Once this goal is easily maintained, set a new goal such as eating fresh vegetables at least two meals a day. As soon as you maintain both goals regularly, choose another, additional goal.

The more aggressive or results-oriented goals may come later, but your initial goals should be realistic and appropriate to your lifestyle. First and foremost, build healthy habits.

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Create a routine

That's the boring part. Creating and sticking to a routine takes a lot of time and effort. Find simple, actionable daily steps you can take to ease your busy life, such as:

  1. Prepare meals (lunch) every Sunday evening for the week.

  2. Pack your gym clothes every night before bed.

  3. Go to the gym or your sport of choice at least on Monday, Wednesday and Friday immediately after work.

  4. Buy a large drinking bottle (at least 1.5 liters) and fill it up completely with water every morning.

  5. Find a gym near your home or work and choose a route to and from work that passes right by the gym.


Every day you can take small steps to steer your life in a healthier direction. Find out what these steps can look like for you and check them off one by one.

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Have a "Daily Plan B"

Our everyday life is not always predictable. And as much as we plan, plan and prepare, sometimes we just forget to prep our food or we just don't have time to make it to the gym or exercise.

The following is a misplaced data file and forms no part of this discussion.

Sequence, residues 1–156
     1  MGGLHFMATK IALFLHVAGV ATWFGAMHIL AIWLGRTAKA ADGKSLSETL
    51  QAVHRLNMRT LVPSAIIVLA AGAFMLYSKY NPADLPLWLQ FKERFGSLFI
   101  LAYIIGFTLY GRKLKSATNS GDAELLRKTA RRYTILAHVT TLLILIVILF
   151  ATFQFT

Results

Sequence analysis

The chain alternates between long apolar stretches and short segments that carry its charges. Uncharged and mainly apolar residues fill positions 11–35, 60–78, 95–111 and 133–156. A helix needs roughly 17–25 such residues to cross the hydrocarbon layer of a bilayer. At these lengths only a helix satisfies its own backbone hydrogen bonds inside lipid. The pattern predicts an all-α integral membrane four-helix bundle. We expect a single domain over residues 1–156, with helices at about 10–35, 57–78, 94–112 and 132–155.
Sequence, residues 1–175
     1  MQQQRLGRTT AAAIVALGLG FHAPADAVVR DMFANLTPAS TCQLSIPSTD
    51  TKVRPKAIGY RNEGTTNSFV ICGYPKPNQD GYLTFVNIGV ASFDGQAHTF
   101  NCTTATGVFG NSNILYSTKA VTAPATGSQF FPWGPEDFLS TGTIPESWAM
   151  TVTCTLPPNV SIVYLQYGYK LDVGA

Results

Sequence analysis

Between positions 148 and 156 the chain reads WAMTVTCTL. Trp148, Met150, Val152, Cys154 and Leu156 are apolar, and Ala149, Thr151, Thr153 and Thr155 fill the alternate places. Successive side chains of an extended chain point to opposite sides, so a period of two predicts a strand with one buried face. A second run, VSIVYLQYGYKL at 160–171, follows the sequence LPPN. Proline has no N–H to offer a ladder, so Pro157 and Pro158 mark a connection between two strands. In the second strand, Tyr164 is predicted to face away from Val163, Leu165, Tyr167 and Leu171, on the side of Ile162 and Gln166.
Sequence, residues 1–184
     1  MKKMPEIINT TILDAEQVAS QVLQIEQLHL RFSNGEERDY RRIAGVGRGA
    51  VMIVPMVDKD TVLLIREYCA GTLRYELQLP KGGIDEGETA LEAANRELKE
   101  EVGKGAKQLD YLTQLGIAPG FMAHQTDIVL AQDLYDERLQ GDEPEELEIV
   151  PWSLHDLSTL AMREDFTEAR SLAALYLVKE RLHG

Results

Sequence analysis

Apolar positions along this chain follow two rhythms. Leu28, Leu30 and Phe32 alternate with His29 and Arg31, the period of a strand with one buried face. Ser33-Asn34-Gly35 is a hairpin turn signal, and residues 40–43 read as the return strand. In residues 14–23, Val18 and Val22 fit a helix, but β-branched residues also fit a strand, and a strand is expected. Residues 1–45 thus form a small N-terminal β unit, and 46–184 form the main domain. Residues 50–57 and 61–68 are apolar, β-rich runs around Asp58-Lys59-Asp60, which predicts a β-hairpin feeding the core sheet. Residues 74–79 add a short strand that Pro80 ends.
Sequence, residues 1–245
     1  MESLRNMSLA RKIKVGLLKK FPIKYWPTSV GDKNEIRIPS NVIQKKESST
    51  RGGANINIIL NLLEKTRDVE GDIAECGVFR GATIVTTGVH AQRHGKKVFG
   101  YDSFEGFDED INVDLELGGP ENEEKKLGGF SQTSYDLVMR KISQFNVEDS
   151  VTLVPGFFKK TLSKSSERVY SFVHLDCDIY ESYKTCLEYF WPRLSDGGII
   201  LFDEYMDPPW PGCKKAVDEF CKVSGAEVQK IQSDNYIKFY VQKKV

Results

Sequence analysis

So what can be done in these cases?

Find a place near your work that offers healthy lunch and snack options. And preferably before you get hungry. If you're really serious about it, just research healthy places to eat in your area even though you don't need them yet. If you get hungry quickly, you always know where to go.

If you sit for several hours a day, at least think about moving several times a day. Take a walk with colleagues during your lunch break, get up at your desk or stretch. Get your body moving and give yourself a mental break. This is exactly why we developed our sitting ball, the STRYVE Ball. If you want to move around more at your desk, take a look here .

However, sometimes it's best to give yourself and your body a day off. Fitness and healthy nutrition should enrich your life. And don't stress yourself out any more. Make sure your efforts to improve your fitness don't become an unhealthy attitude at the expense of your health. Enjoy your break day, go home, rest. Start fresh the next day without guilt and with renewed vigour.

Remember, the first step is motivation, and if you're here and have read this up to this point, then you're already motivated, so let's tackle some of those steps today to turn your new found motivation into results.


If you're further interested in training and still not sure which area of ​​fitness training is right for you, also read our article on " Fitness 101: The Absolute Beginner's Guide to Training. "